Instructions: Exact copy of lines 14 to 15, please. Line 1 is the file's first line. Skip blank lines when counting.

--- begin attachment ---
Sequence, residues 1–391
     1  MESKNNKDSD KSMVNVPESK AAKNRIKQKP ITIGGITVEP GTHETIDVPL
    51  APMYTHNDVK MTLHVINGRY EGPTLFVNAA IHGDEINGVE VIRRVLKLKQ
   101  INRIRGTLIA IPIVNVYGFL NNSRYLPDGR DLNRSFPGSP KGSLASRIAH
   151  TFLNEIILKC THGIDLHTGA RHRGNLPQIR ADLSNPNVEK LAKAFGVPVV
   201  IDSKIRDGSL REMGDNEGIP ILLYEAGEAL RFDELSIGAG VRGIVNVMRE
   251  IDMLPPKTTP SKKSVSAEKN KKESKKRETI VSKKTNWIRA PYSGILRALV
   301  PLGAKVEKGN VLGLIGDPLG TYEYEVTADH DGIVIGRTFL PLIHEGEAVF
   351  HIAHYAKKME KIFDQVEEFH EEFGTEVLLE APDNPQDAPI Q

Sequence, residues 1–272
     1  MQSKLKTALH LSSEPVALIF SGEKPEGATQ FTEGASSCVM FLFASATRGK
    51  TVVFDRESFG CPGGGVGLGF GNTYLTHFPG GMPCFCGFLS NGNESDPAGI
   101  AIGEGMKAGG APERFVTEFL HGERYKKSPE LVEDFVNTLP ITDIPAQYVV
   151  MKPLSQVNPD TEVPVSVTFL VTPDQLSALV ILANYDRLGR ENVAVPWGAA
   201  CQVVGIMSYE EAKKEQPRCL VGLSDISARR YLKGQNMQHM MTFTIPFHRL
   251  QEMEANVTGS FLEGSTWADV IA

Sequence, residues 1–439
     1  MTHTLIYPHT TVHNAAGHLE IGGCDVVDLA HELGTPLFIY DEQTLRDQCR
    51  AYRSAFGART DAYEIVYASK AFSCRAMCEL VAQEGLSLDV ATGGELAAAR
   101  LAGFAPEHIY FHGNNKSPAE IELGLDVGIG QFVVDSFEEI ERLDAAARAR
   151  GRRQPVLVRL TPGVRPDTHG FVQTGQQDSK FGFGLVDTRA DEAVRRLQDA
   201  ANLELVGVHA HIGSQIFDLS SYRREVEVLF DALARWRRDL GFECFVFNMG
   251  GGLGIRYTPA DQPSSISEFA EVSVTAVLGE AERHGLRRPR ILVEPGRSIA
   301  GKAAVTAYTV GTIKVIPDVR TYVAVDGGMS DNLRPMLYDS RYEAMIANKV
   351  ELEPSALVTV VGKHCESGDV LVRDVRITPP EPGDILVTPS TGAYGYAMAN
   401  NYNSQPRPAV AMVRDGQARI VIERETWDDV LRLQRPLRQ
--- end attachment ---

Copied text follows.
   151  MKPLSQVNPD TEVPVSVTFL VTPDQLSALV ILANYDRLGR ENVAVPWGAA
   201  CQVVGIMSYE EAKKEQPRCL VGLSDISARR YLKGQNMQHM MTFTIPFHRL